PITTSBURGH — The surprise announcement of Sidney Crosby's wrist surgery was the latest in an offseason filled with gut punches. It might have been a reality check, too, as darkness sets in on this golden age of Penguins hockey.
In and of itself, Crosby's left wrist surgery wouldn't necessarily trigger alarm bells as camp approaches. But it would still be worrisome. He underwent a procedure on the same wrist last summer and was bothered by it all this summer, so it seems reasonable to categorize the wrist as a chronic issue.
Then there's the word "minimum" on the club statement that Crosby would be a miss a "minimum of six weeks." How long will he be out and when will he be right again?
But that was only the latest blow.
The offseason began with another surprise downer when the team announced Evgeni Malkin had undergone major knee surgery. Then came Brandon Tanev's unceremonious departure, Mike Lange's retirement and the depressing realization that Brock McGinn really would be the club's big offseason acquisition.
Demoralizing seems like a fair word to describe the vibe.
I can't help but think of another team as the Penguins fade. It's the team that helped shaped this one in its formative years. The one that showed them what high-stakes hockey was all about.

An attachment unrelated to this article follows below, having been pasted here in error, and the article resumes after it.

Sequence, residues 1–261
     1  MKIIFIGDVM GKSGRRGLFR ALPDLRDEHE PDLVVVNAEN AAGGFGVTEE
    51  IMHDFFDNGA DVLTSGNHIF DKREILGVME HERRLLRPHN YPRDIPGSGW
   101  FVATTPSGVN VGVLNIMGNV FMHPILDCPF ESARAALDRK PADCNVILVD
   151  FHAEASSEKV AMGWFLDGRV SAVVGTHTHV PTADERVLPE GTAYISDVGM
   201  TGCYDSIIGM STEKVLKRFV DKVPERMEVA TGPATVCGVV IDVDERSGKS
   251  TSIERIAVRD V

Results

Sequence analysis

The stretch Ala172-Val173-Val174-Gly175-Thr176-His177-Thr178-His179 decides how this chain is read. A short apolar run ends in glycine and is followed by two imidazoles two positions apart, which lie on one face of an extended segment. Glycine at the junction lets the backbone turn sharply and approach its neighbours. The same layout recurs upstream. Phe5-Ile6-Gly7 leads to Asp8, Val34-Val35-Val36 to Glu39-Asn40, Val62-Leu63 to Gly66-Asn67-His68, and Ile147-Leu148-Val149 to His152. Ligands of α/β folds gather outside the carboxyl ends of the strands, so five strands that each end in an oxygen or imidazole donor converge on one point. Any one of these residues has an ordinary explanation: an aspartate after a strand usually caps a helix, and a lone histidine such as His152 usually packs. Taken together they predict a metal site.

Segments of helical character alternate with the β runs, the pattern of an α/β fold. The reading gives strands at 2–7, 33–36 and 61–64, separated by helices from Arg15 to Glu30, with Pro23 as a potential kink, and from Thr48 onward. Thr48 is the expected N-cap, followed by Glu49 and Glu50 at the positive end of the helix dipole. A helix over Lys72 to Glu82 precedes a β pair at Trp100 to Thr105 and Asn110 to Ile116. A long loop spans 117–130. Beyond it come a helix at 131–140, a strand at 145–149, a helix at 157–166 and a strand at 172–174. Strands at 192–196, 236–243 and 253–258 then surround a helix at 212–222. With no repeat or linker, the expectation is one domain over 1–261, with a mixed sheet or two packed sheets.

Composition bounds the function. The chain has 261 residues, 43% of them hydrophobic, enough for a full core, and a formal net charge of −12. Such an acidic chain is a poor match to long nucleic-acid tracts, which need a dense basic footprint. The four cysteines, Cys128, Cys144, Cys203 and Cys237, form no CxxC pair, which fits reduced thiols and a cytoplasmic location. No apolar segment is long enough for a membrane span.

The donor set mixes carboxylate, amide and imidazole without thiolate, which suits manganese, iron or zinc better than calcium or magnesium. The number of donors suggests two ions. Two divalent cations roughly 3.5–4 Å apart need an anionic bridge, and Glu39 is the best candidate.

I'm talking about the Detroit Red Wings and how, after losing to the Penguins in the 2009 Stanley Cup Final, they began to erode, imperceptibly at first. They still had a couple of 100-point seasons in them. Still a few trips to the conference finals. You always knew they would make the playoffs. They did that for 25 straight years.
By 2016, though, the Red Wings had become garden-variety, first-round flameouts. That is where their season ended three straight years (sound familiar?). They still seemed dangerous — at least to where you could conjure images of one last title run if you tried hard enough.
But by that time, Detroit's Big 3 — their Crosby-Malkin-Letang — was down to one: an aging Henrik Zetterberg. Nicklas Lidstrom had retired in 2012. Pavel Datsyuk was headed back to Russia to finish his career.